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Radiofrequency ablation for carcinoid

Men and women discussing carcinoid cancer

This page is about radiofrequency ablation (RFA) for carcinoid (neuroendocrine) tumours that have spread to the liver.

 

A quick guide to what's on this page

Radiofrequency ablation for carcinoid

Radiofrequency ablation (RFA) kills cancer cells by heating them up. Doctors may use it to treat carcinoid tumours that have spread to the liver and cannot be removed by surgery. It controls symptoms well for most people.

What happens when you have RFA

You have RFA under general anaesthetic or sedation.

The doctor guides a special needle or probe through the skin of your abdomen into the tumour, guided by an ultrasound scan or CT scan. The probe is an electrode that passes a radiofrequency current into the tumour. This heats the tumour and destroys it. The treatment takes between 30 minutes and an hour.

Side effects of radiofrequency ablation

You may have some pain in your abdomen and shoulders for a few days after treatment. About 3 to 5 days after treatment you may have flu like symptoms and feel tired. You should be able to get back to doing your normal activities after about a week. Contact your doctor if you still feel unwell after this time or your temperature goes above 38°C, as you may have an infection.

Microwave ablation

Microwave ablation is a newer treatment for small tumours in the liver. It is similar to having RFA, but it uses different energy waves to heat and destroy the tumour.
 

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What radiofrequency ablation (RFA) is

Radiofrequency ablation (RFA) uses radio waves to heat up tumour cells and destroy them. The heat only travels a short distance so most of the healthy liver tissue is unaffected.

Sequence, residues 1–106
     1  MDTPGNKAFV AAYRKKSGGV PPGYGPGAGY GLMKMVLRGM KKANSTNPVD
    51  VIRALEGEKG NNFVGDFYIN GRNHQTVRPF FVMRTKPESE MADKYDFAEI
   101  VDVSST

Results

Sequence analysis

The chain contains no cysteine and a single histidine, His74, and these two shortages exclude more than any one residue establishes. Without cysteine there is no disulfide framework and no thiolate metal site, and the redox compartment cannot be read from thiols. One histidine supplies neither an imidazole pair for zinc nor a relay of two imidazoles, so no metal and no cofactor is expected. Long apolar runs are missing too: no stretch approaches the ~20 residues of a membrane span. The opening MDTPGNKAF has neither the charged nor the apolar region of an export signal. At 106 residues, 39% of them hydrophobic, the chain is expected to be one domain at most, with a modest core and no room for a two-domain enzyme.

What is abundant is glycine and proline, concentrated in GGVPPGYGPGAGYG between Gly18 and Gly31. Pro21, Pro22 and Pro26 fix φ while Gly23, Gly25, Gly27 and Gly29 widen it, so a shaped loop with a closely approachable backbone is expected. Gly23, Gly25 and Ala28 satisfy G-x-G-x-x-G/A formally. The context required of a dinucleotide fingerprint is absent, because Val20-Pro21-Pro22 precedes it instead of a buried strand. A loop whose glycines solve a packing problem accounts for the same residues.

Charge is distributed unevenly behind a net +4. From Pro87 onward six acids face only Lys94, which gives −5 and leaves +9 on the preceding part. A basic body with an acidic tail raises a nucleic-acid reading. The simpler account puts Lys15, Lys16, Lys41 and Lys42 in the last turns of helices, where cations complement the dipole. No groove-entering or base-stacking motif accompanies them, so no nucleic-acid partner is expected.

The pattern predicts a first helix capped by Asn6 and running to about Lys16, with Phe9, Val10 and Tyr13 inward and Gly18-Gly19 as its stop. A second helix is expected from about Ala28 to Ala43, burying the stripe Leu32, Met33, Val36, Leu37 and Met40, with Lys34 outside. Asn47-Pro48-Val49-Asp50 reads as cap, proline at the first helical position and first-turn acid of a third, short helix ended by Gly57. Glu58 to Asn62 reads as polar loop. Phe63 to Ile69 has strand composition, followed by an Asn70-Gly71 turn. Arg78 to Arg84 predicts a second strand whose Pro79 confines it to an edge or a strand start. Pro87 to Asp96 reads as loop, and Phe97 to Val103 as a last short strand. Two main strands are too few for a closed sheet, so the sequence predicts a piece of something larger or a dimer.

Doctors use RFA to treat carcinoid tumours that have spread to the liver and cannot be removed with surgery. They generally use it for tumours that are less than 5cm.

RFA helps to control symptoms for most people. 

 

How you have RFA

Before you have radiofrequency ablation, you must not eat or drink for at least 6 hours. You usually have the treatment in the scanning (X-ray) department of the hospital.

You may have RFA under general anaesthetic, or sedation (which makes you sleepy) and local anaesthetic.

The doctor uses either an ultrasound scan or a CT scan to guide a special needle or probe through the skin into the tumour. The probe is an electrode that passes a radiofrequency current into the tumour. This heats the tumour and destroys it. Normal liver tissue is able to withstand heat better than the tumour and so can recover more easily.

The treatment takes between 30 minutes and an hour. After the treatment, you will need time to recover from the anaesthetic or sedation. You should be able to go home later that day or the next day. 

 

Side effects of RFA

You will take painkillers for a few days after treatment as you can have some pain around the treatment site. You may also have some pain in your shoulders afterwards. Tell your doctor or nurse if you have pain after a week or the painkillers aren't helping.

Some people have flu like symptoms that start about 3 to 5 days after treatment and can last up to a week. You may also feel tired. You should be back to doing your normal activities after about a week. Contact your doctor if you feel unwell after this time or have a temperature above 38°C, as you may have an infection. 

There is a risk of damaging the bowel or bile ducts during the procedure. But this is rare as the doctor uses scans to help guide the probe in place. Another risk is bleeding caused by the probe going into the liver. Again this is rare. Your doctor and nurses will be closely monitoring you during and after the procedure. So if this happens they can deal with it straight away.

 

Microwave ablation

Microwave ablation is a newer treatment for small tumours in the liver. It is similar to having RFA, but it uses different energy waves - microwaves - to heat and destroy the tumour.

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Updated: 22 June 2016